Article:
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Acquisition Reflects Franklin Telecom's Risky New Tack

June 24, 1986|JAMES BATES | Times Staff Writer

Franklin Telecommunications was named after founding father Ben Franklin, a man who espoused the idea of being healthy, wealthy and wise.

Two months ago, executives with the Westlake Village firm made a risky gambit that they hope will produce a healthy, wealthy company--they introduced a personal computer compatible with IBM's powerful PC AT. Whether it was a wise move, given the hazards of the highly competitive personal computer business, is open to question.

Company officials, however, are charging ahead with their strategy for entering the computer manufacturing business, concentrating on moves that will enable it to make more of its own components.

Buys ABM Systems

A case in point came last week when Franklin Telecom, the name by which the company is best known, agreed to buy ABM Computer Systems of Irvine, a $1.5-million-a-year manufacturer of circuit boards. The proposed deal, a complicated stock transaction, the value of which wasn't disclosed, would turn Franklin Telecom into a public company because ABM already is publicly held.

The merger would also broaden the product line of a company that for the last two years has specialized in assembling advanced data storage and retrieval equipment for personal computers. Franklin Telecom's plan is to gain greater control over production of its own computer.

Frank W. Peters, the chairman, chief executive and majority stockholder of Franklin Telecom, acknowledges that it may be tough entering the personal computer business at a time when so many manufacturers are struggling because of the industry's prolonged slump.

Low Overhead

But, he argues, his company can succeed because of its low overhead and software it has developed over the past year making Franklin's computer significantly faster than similar ones.

"It looks wide open to us. We feel nobody is really doing a good job," Peters said.

Phil Devin, senior industry analyst with Dataquest, a San Jose market research firm, said it isn't as difficult as it might seem for a company like Franklin Telecom to produce a computer similar to IBM's PC AT.

"It is highly competitive, but it doesn't cost much to build them," Devin said. "There are margins in these things."

Devin added that Franklin Telecom could exploit the poor image of the IBM model stemming from the problems some users previously had with its disk drives.

Although Franklin Telecom has made computer products for more than two years, the firm still looks like a fledgling business.

The headquarters, where about 50 people work, is cramped. Marketing and financial personnel work side by side out of cubicles next to a small room where workers assemble equipment. Peters said he refuses to hire anyone who smokes.

Peters said the tight space reflects the company's tight budget. Franklin Telecom's engineering department is only two people, and its nationwide sales force numbers about 30 representatives who generally work out of their homes and usually are paid on commission.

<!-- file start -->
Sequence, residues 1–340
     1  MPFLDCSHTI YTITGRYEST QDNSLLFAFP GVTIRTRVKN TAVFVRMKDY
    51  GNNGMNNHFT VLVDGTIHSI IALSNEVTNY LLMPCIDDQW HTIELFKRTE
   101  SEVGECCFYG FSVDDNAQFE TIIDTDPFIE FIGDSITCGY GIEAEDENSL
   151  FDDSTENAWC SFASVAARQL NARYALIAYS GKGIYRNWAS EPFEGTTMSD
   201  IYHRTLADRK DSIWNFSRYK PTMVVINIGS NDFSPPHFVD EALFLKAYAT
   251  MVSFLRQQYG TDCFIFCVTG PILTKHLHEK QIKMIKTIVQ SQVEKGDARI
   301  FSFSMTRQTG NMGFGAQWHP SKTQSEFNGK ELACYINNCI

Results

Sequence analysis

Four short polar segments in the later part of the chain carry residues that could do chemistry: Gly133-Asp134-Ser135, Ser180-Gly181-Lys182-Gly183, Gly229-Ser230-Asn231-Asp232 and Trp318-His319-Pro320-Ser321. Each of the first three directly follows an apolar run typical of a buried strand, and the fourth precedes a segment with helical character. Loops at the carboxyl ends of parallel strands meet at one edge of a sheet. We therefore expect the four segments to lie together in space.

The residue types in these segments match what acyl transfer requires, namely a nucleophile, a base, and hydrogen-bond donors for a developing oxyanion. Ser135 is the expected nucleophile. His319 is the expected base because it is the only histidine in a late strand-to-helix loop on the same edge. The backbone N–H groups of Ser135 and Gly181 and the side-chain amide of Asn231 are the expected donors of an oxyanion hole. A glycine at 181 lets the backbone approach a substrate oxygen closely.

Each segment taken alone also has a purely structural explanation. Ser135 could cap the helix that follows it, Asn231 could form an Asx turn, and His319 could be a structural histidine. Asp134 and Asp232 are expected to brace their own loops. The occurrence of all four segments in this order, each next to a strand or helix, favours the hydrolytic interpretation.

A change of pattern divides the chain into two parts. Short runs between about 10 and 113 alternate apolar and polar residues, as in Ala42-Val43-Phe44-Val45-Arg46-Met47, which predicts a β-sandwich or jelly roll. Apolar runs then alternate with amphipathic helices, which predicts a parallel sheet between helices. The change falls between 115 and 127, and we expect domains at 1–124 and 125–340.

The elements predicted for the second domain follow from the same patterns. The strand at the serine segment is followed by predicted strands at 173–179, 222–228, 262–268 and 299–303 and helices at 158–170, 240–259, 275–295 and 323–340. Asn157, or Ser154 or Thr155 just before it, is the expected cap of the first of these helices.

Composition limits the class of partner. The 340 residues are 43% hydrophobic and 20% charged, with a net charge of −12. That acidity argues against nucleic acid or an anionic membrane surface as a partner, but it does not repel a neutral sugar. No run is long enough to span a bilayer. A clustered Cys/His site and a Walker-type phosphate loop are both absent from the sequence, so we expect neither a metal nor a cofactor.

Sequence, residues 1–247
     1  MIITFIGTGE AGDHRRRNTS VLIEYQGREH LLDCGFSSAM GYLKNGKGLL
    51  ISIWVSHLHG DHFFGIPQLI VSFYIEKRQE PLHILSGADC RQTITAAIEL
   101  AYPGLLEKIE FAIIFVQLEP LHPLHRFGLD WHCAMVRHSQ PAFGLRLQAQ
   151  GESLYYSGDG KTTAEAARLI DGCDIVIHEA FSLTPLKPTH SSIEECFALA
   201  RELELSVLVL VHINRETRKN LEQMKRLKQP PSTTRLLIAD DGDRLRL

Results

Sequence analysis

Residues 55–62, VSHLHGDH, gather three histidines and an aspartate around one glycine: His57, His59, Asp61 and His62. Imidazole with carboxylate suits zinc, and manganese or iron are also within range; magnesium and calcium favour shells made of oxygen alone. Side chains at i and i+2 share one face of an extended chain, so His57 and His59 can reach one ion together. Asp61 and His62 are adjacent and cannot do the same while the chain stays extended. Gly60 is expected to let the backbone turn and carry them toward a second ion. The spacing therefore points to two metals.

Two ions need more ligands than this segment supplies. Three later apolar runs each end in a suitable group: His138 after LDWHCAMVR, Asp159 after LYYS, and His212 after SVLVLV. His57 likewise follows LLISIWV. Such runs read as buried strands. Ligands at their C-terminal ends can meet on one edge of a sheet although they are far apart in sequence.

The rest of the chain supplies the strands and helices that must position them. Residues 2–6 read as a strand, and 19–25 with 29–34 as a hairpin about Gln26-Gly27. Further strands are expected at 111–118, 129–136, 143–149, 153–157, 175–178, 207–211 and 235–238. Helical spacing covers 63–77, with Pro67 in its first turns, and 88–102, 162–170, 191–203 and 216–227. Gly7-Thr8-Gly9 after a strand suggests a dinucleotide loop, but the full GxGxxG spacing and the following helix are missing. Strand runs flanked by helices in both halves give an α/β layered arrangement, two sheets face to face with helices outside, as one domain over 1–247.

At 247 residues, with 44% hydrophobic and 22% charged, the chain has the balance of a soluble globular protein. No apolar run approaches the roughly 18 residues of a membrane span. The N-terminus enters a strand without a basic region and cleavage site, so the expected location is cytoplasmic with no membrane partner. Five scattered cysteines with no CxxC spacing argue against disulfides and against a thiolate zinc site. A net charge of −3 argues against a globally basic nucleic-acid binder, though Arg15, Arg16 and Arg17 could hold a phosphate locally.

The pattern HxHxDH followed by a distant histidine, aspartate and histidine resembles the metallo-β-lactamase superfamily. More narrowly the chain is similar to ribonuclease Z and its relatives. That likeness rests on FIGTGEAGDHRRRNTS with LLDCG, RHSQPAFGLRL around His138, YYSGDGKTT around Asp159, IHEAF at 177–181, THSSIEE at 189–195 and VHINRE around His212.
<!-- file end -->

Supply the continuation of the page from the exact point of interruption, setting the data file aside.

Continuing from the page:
Peters claims Franklin ships nearly all of its products the same day they are ordered by computer retailers. About 95% are sent cash on delivery, saving the company from being strapped for funds, he said.

Exxon Deal Fell Through

Peters, a former IBM executive, started his company in 1981. The "Telecom" in the company's name stems from its early days when it manufactured digital switching devices used in computer communications for Exxon. Peters later agreed to sell the company to Exxon, but in 1984 the oil giant scrapped its ambitious plans for making office equipment, and the deal was off.

Peters then transformed Franklin Telecom into a maker of data storage and retrieval equipment known as mass-storage subsystems, which are hard disk drives and tape drives operating with the company's software. Franklin Telecom recently added a laser-disk drive to its product line and now also sells a laser printer.

In acquiring ABM, Peters said, the Franklin is getting a company that makes circuit boards that computer owners use when adding features such as printers, additional memory and modems that enable communication between computers.

Will Own 75%

Once the acquisition of ABM is complete, Franklin Telecom's current owners will own 75% of the merged concern. ABM's former shareholders will own the remaining 25%, and ABM will operate as a division of the new company.

Getting Franklin Telecom into the personal computer business has been the job of Executive Vice President Michael Sutherland, who left Vector Graphic after only three months as president and chief executive when the long-suffering company filed in December for protection from creditors under Chapter 11 of the U.S. Bankruptcy Code.

Peters predicted the company's revenue will be from $16 million to $18 million in the fiscal year ending July 1. With sales of its personal computers and the ABM products, he said, the company's revenue could surge to as high as $40 million to $60 million in its next fiscal year.

Franklin Telecom officials don't feel such goals are overly ambitious, given what they believe to be a vast market for personal computers. "The market is huge, and 1% of it would be nice to get," Sutherland said.

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